I am a former prosecuting attorney, but have devoted most of my career to defending criminal defendants.  It is a privilege to work at The Huntley Law Firm with a team of good lawyers with diverse experience.  I like that LegalShield (LS) helps members solve many problems without a lawyer, and provides legal resources for under market cost when a lawyer is necessary.

At the outset of becoming a criminal defendant, or even a “person of interest,” you don’t need to know the law.  You don’t need to know what is likely to happen, or if the authorities are “right, wrong or off base.”

YOU DO NEED:  To keep quiet.  Please see the numbered instructions below for instructions on how, and its effects in two common situations.

ENTERING THE SYSTEM:  Virtually all defendants begin their journey through the legal system without an attorney.  They enter in two principal ways:  they are either (1) arrested or (2) summoned (a traffic ticket contains a summons at the bottom; whether the defendant signs is of no consequence; he is formally served).  Less commonly they are (3) approached to “talk” as part of an ongoing investigation.

After first, foremost and continuously refraining from talking, you must get out of jail, if in custody.  In all cases you need to step back with your trusted advisors and support system.  LS is perhaps one of the best.  We like to think we know a lot that can help.  But first help yourself.

This article tells you how.

NAVIGATING OUT:  Getting out of jail occurs in isolation from the support system necessary to make the absolutely best decision.  Deciding how to respond to a summons likewise requires learning all the options, and how to best use your limited resources to protect your interests.  So my advice is:  know that you likely have a support system.  Use it.  Lawyers can come later.

Legal Shield’s Emergency Line is invaluable for friends and family calling on your behalf.  It is less useful as defendants’ “one phone call” from jail.  Only if you have a summons for a court date, or approached by law enforcement to “talk,” should you use this.  Only after securing release from jail will it be of much use.  Instead, in the two most common situations (arrest or summons):

  1. Do not talk to any member of law enforcement about the situation.  Ask for a lawyer.
  2. Ask for a lawyer clearly, from the beginning, and repeatedly.
  3. If you can’t get one by your side, police are obligated to get you a court-appointed lawyer — or stop asking questions.
  4. In the case of traffic stops involving alcohol, there is an exception to this for evidentiary testing.  That involves officer-initiated conversation as a “tool of investigation.”  To protect yourself, say as little as possible.  Let the test(s) speak for themselves.
  5. If arrested, See RULE ONE.
  6. If arrested, BOND OUT with cash if you can raise it from family or friends.  Use a surety bond company if you cannot.
  7. Legal defenses available can always be applied after release;
  8. Release alone will materially improve your case.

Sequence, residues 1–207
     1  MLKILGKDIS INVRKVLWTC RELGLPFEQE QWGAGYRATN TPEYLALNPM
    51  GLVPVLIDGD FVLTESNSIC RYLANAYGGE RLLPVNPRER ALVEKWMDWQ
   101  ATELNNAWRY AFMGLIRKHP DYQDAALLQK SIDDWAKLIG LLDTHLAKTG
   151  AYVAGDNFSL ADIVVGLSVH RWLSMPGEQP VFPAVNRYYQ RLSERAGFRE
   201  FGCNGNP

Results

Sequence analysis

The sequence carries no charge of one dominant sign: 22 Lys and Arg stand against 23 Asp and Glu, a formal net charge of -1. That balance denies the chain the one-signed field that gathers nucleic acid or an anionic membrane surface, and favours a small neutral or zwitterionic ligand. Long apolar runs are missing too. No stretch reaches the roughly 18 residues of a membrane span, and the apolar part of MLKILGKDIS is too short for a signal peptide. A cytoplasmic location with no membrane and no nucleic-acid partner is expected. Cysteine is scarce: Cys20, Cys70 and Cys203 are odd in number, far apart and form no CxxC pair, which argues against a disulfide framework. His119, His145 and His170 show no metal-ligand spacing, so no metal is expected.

9. If summoned – or approached by law enforcement as part of an investigation — call the LS main line.  Do it in sufficient time to learn what you can do before the court date, or before law enforcement wants to see you.
  10. You can discuss — at length with LS, not law enforcement — the nature of the allegations.  You can learn what is going on.  You can develop a plan for marshaling available legal assistance.
  11. In most (misdemeanor) cases, you will be able to avoid going to court if you are in a position to obtain counsel.

THE ROLE OF THE LAWYER:  LS’ Emergency Line and 4-hour callback by an attorney are always available.  Either before a summons is received, after you are out of jail, if you are a “person of interest,” or if you are actually in custody.  However, as noted above, getting out is the most important thing.;  It is either unimportant or even a diversion – at the stage of being in custody – to try to understand why you’re there, or if it’s right or wrong.

This is why I strongly recommend marshaling your personal supportive resources – if in custody – prior to using LS’ Emergency Line.  The best thing defendants can do for themselves is be silent.  Lawyers can do the rest.  And we can do it later, if we have a defendant who’s out and not in.

If a bond is too high for release, you will likely receive a public defender.  Your rights will be protected.  Defendants can change attorneys at any time, and substitute a LS or any other attorney for the public defender.  When you and your support system arrange for your release, you can evaluate this option with them and with LS.

SUMMARY:  The main point of this note:  LS members are in a position to step back from the overwhelming stress and strangeness of criminal charges.  Because they have immediate access to attorneys, they can focus and act on what can be done in the short term.  LS has many resources early, often and as criminal cases go forward.  This note should equip you with what you need in the very beginning, before legal resources are really needed.  Call us early, often and whenever a problem with law enforcement is possible.